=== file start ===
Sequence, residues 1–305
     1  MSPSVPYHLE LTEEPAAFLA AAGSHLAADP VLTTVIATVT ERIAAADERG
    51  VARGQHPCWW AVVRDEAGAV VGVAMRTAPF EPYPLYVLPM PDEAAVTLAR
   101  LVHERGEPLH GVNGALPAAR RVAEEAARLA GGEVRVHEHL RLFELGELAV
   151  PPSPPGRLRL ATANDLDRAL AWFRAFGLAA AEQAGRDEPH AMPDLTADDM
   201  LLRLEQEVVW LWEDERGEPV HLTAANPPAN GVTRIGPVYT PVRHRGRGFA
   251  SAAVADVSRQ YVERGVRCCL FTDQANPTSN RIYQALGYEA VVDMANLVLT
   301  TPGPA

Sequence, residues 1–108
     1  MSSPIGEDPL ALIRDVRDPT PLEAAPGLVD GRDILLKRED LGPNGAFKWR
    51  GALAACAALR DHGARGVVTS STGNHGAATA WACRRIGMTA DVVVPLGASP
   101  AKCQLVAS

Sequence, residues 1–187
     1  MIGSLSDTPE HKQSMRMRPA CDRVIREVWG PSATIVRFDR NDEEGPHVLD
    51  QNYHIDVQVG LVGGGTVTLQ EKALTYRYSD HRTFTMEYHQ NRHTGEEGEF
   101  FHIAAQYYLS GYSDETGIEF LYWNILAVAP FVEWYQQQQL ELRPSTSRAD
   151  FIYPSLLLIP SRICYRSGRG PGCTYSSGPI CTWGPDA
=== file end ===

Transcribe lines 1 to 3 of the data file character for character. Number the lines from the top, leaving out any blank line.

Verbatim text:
Sequence, residues 1–305
     1  MSPSVPYHLE LTEEPAAFLA AAGSHLAADP VLTTVIATVT ERIAAADERG
    51  VARGQHPCWW AVVRDEAGAV VGVAMRTAPF EPYPLYVLPM PDEAAVTLAR